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Boris Johnson Boris Johnson taking part in his first Prime Minister’s Questions. Photo UK Parliament, Jess Taylor

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Professors warn Boris Johnson's Brexit could damage Special Relationship

Two Professors from the American University, Washington DC, discuss the implications of Boris Johnson’s premiership on the Special Relationship

Published on September 5, 2019

Boris Johnson's Premiership hasn't been short of stories, and this week has seen extraordinary events in the Houses of Parliament as legislation is put through to, in effect, block a No Deal Brexit outcome. As Vice President Mike Pence prepares to visit the UK, with an expected meeting with the Prime Minister today, following strong optimism on both sides of the Pond for a US-UK free trade agreement, we asked two Professors at the American University in Washington DC to express their thoughts on how Prime Minister Johnson's decisions on Brexit could affect the Special Relationship.

We asked Dr Filippo Trevisian and Professor Carolyn Gallaher, "How do you think Boris Johnson's approach to Brexit will affect Americans who are living/working in the UK, and the Special Relationship?"

Dr Filippo Trevisan, Assistant Professor, School of Communication, American University, Washington, DC

"When it comes to the Special Relationship, Boris Johnson’s Brexit gamble seems designed to capitalize on the fact that relations between the United States and its other Western European partners during the Trump presidency have been at their lowest in recent decades. Given these circumstances, some could argue that a “hard” Brexit presents an opportunity to strengthen the Special Relationship and the Trump administration has publicly supported Johnson’s strategy in an overtly political move that humiliated his predecessor Theresa May. The reality, however, is one of uncertainty as it isn’t quite clear what strategic interest the US would have in opening a preferential lane for a weakened and relatively isolated UK at a time in which the Trump administration is embroiled in contentious trade disputes with other countries. In addition, a “no deal” Brexit could also jeopardize the future of peace in Northern Ireland, which has been at the forefront of successive US administrations' agendas and remains very important for millions of Irish-Americans."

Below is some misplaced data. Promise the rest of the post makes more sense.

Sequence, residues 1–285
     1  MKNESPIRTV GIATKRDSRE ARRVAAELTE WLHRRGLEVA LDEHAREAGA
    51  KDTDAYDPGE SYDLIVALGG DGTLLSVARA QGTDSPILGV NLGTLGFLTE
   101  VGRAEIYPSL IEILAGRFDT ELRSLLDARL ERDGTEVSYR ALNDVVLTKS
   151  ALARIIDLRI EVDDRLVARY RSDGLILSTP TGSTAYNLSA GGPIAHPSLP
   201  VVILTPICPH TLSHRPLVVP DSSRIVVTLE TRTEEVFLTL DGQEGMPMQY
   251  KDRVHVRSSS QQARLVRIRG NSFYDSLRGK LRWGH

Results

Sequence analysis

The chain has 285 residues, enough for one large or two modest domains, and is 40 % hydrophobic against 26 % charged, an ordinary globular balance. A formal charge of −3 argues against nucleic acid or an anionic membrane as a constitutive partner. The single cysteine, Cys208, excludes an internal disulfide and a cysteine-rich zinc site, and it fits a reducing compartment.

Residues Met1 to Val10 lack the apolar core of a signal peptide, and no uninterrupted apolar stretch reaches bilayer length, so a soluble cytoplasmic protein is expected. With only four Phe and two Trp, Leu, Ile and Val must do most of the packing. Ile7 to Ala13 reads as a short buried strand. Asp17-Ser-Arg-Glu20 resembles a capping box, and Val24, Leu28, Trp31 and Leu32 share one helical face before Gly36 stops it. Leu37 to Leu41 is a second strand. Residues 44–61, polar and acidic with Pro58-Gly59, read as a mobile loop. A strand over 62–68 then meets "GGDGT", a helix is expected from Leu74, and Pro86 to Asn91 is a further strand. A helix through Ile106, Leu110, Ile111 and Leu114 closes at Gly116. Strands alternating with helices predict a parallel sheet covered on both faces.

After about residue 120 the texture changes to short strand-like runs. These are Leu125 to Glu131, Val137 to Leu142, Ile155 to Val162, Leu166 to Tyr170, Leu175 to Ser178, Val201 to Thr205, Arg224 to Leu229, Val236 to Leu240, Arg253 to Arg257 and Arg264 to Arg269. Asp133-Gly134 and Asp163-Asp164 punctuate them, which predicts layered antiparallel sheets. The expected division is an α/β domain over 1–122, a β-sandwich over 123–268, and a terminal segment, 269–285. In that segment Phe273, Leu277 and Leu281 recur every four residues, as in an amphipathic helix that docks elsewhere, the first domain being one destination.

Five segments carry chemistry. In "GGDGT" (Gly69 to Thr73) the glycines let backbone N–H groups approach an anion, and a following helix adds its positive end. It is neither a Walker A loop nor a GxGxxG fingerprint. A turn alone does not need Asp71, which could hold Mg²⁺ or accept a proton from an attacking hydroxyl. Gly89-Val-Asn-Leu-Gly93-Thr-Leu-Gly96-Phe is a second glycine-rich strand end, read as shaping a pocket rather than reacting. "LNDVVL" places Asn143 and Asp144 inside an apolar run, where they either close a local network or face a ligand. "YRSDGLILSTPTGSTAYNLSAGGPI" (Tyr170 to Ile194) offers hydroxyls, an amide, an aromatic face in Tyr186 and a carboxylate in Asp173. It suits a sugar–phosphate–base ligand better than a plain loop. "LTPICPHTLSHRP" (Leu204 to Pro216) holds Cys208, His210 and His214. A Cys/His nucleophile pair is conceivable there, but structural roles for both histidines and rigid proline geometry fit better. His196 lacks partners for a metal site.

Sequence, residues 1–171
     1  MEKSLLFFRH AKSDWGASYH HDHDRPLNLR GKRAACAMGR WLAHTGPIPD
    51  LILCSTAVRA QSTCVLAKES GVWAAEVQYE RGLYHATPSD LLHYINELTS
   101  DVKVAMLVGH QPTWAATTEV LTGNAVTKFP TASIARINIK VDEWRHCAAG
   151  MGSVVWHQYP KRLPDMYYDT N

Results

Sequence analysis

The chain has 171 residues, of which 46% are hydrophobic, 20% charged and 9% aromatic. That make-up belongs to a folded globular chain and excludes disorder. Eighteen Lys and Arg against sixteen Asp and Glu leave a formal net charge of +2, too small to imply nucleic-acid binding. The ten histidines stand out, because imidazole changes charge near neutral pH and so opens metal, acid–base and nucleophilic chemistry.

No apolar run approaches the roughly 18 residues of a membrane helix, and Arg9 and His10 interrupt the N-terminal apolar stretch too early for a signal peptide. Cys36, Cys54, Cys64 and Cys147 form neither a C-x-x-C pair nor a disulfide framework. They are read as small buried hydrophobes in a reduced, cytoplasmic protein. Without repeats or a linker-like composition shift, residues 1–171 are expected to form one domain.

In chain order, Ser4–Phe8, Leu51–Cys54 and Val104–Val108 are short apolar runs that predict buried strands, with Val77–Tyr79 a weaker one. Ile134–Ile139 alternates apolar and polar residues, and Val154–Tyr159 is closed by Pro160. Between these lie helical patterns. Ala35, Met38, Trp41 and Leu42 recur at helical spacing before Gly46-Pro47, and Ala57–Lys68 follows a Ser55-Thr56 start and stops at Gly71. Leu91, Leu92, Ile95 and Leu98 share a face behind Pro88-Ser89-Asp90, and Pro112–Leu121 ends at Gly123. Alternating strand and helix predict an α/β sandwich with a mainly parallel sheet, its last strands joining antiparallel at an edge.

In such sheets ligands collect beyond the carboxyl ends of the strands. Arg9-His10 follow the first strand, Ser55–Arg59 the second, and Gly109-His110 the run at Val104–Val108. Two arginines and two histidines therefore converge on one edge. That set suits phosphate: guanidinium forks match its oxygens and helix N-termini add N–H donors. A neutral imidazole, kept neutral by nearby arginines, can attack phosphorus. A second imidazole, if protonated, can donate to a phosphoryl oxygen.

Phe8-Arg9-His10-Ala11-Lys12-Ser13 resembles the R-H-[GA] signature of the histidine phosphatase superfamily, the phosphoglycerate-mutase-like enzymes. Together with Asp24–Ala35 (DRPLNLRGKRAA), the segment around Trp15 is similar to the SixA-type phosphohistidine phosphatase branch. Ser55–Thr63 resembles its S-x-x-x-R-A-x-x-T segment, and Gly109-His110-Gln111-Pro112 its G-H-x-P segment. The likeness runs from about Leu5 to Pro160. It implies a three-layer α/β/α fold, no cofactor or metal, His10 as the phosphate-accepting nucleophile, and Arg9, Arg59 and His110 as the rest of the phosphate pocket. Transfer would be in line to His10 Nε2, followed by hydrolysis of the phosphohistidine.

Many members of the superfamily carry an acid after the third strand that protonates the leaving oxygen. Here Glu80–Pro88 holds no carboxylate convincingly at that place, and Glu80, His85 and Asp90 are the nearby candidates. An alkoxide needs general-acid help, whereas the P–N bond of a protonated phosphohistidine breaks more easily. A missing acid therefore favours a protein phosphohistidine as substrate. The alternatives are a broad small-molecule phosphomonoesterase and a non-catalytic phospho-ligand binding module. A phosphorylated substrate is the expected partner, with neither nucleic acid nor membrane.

Professor Carolyn Gallaher, Associate Dean for Faculty Affairs, School of International Service, American University, Washington DC

"Brexit probably won't have an immediate impact on Americans living in working in the UK, but Johnson's effort to engineer a hard Brexit will do lasting harm to the special relationship between the US and the UK. That relationship was built on the ashes of of two devastating world wars and a joint promise to prevent a third one from ever happening. By supporting free trade, NATO, and democracy promotion, both countries amplified and magnified a vision for the future. Together, we were more than the sum of our parts. But, cooperation gets harder when both countries hunker down in their isolationist corners. And, isolation undermines the power of a united front. Why should other countries care if the US and the UK adopt a free trade agreement post Brexit or share intelligence with one another? The impact of our cooperation will be smaller, and the world will move on. Malevolent alliances (Russia and China, Russia and Iran, etc.) won't offer hope, but they will guarantee protection. If we're not careful, the Special Relationship will become a a nostalgic set piece, a museum relic of another time."

What's your view? Let us know how you think Boris Johnson's approach to Brexit will affect the Special Relationship via editor@theamerican.co.uk.

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